The Southwestern Historical Quarterly, Volume 53, July 1949 - April, 1950 Page: 335
of them are properly classified as average or poor." Considering
the great mass of childish twaddle that has poured from the
printing presses about Texas, this may still be an overestimate.
The Texas Story may be classed as good. Even so a few errors
have inevitably occurred. In the first place the publishers botched
the job of assembling the pages of the book, especially between
pages 354 and 363. The illustrations are, in the main, well se-
lected, but one could wish that the author had chosen a less
insipid picture of "the Father of Texas" for the frontispiece, The
map on page 3 raises questions concerning the routes of Cabeza
de Vaca and Moscoso, for each of whom several alternative routes
have been suggested. On page 12 the author seems to question
the location of Fort Saint Louis on the Garcitas and then goes
on to write as if there could be no doubt about it being on that
stream. On page 36o, speaking of conditions during the Second
World War, the author says "rationing was accepted with little
protest," overlooking the fact that certain officials in high offices
practically invited the people to violate their country's laws in
wartime. Throughout the book, the author persists in listing
among the "selected readings" Bancroft, History of Texas. Un-
doubtedly, he is referring to H. H. Bancroft, History of the North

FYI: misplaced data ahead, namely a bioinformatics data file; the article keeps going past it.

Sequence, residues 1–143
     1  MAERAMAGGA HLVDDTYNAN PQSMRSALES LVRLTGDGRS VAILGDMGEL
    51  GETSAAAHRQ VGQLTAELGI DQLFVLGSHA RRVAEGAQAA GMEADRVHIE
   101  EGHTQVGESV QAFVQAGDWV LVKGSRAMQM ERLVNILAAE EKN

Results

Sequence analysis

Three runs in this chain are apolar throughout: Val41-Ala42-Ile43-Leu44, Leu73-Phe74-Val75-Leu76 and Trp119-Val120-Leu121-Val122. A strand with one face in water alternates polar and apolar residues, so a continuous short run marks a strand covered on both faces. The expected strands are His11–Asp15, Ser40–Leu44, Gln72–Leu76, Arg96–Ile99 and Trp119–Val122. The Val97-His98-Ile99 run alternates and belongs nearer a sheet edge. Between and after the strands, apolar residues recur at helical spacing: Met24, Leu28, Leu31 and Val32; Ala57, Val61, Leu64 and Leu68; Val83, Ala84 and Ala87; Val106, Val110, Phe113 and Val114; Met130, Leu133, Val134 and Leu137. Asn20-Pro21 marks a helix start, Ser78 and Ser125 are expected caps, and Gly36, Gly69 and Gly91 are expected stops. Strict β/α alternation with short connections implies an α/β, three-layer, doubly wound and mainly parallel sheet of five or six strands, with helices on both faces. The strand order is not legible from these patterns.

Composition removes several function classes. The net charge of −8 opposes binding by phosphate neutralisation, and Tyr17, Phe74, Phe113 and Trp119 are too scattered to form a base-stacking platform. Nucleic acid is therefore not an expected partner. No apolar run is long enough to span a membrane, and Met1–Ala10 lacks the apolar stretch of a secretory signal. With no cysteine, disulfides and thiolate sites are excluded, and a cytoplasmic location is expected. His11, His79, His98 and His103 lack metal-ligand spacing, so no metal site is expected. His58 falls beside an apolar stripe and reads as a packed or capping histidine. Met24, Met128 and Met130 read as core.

Mexican States and Texas. There is no History of Texas by Ban-
croft. But these are relatively minor matters. Professor Steen has
produced a handy, well written, and adequate volume on the
history of Texas for the general reader.
C. T. NEU
East Texas State Teachers College
This Day in Texas. By Curtis Bishop. San Angelo (San Angelo
Standard Times), 1948.
This book contains 366 statements about Texas-one for each
day in a leap year. It is completely lacking in organization and
continuity, but does contain a good deal of interesting informa-
tion. The author seems to have made no attempt to find the most
important event associated with each day and some of the state-
ments are of no more than passing interest.
Birth dates and death dates are given for numerous Texans,
yet this information is not given for either Sam Houston or
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Texas State Historical Association. The Southwestern Historical Quarterly, Volume 53, July 1949 - April, 1950, periodical, 1950; Austin, Texas. (texashistory.unt.edu/ark:/67531/metapth101126/m1/411/ocr/: accessed September 21, 2017), University of North Texas Libraries, The Portal to Texas History, texashistory.unt.edu; crediting Texas State Historical Association.